The main challenge for psychodynamic theories is to discern reasons and motives for such disorder of emotion regulation. Indeed, BPD patients experience emotion dysregulation as having reasons to persist despite concurrently having reasons to fear persisting. The challenge for psychodynamic theories is in the fact that some of the reasons and ensuing motives are active implicitly, outside the person’s awareness. Psychoanalytical and cognitive-psychological theories have different explanations for the generation of implicit influences in psychodynamic conflict. The author proposes a theory to explain emotion dysregulation in BPD that is composed of well-tested cognitive-psychological concepts about the relation between explicit and implicit motives.

5.1. The Psychoanalytical Theory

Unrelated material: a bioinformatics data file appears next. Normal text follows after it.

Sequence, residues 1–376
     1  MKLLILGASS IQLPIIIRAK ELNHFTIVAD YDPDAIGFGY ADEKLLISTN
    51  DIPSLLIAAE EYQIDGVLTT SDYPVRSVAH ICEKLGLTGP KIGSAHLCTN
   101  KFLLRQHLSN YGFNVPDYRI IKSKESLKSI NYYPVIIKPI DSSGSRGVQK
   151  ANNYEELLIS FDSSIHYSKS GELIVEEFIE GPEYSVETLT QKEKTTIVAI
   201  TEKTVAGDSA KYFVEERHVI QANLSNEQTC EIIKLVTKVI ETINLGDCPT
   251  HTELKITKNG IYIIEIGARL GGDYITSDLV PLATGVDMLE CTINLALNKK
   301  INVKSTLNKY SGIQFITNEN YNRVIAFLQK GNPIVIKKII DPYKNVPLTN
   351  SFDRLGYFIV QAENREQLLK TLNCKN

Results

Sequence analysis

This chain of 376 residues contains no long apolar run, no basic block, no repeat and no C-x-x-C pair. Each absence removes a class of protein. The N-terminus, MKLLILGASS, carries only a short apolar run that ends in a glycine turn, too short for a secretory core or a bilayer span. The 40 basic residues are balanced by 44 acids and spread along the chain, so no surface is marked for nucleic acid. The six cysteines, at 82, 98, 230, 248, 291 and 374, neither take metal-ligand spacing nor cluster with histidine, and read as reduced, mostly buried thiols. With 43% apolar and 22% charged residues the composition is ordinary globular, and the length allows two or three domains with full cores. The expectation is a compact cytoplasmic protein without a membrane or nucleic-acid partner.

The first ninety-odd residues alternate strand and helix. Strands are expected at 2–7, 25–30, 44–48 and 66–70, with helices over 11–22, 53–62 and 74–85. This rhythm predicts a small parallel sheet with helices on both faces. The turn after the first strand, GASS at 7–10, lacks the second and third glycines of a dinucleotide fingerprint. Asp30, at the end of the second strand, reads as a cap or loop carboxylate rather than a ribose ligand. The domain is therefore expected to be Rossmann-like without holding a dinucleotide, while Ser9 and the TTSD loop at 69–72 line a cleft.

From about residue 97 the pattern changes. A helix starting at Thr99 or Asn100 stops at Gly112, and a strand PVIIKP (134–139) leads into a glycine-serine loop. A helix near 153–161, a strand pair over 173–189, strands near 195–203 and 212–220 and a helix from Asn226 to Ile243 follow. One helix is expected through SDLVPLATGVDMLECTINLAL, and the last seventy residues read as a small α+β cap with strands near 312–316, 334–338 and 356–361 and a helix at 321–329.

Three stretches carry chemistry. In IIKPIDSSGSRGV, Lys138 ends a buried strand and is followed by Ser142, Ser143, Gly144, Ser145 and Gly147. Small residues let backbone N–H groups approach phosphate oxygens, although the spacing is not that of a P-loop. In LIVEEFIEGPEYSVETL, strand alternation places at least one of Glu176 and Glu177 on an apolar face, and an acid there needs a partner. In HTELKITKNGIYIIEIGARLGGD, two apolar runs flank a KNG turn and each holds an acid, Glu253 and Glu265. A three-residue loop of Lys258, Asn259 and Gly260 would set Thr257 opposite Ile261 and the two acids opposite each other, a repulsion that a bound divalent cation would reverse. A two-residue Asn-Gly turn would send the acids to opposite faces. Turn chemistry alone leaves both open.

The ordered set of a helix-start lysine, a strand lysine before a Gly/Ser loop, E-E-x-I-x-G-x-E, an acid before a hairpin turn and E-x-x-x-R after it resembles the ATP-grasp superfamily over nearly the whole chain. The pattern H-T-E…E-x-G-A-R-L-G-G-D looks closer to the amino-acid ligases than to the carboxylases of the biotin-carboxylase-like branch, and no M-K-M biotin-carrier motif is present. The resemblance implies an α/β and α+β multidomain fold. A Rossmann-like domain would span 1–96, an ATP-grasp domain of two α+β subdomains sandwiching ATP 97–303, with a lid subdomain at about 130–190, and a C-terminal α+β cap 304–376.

While studying Linehan’s theory, Selby and Joiner Jr. determined that it was necessary to augment it with a decidedly psychodynamic dimension [6]. They determined that disorder was about the purposefulness of emotion, the linkage between emotion dysregulation and behavior dysregulation [41]. They thought that, whatever the person’s innate temperament might be, emotion gains strength from the person’s reasons to persist with a current goal that the emotion propels. In emotion dysregulation of BPD, that goal is invariably to ascertain a threat of betrayal. Tying the strength of emotion to the value of a goal implies that emotion becomes uncontrollable if the person’s commitment to that goal becomes compelling and urgent. Selby and Joiner Jr. explain that BPD patients ruminate and catastrophize unnecessarily about failing to manage a threat of betrayal. Thus, they kindle their fear and defensive actions repetitively with “pernicious” results in the manner of a “cascade of emotions.” These authors’ insight about the psychodynamics of circularity to the end of mastery is very valuable. Still, the limitation of this theory is that it does not address reasons why BPD patients catastrophize about a particular instance of betrayal in a particular relationship.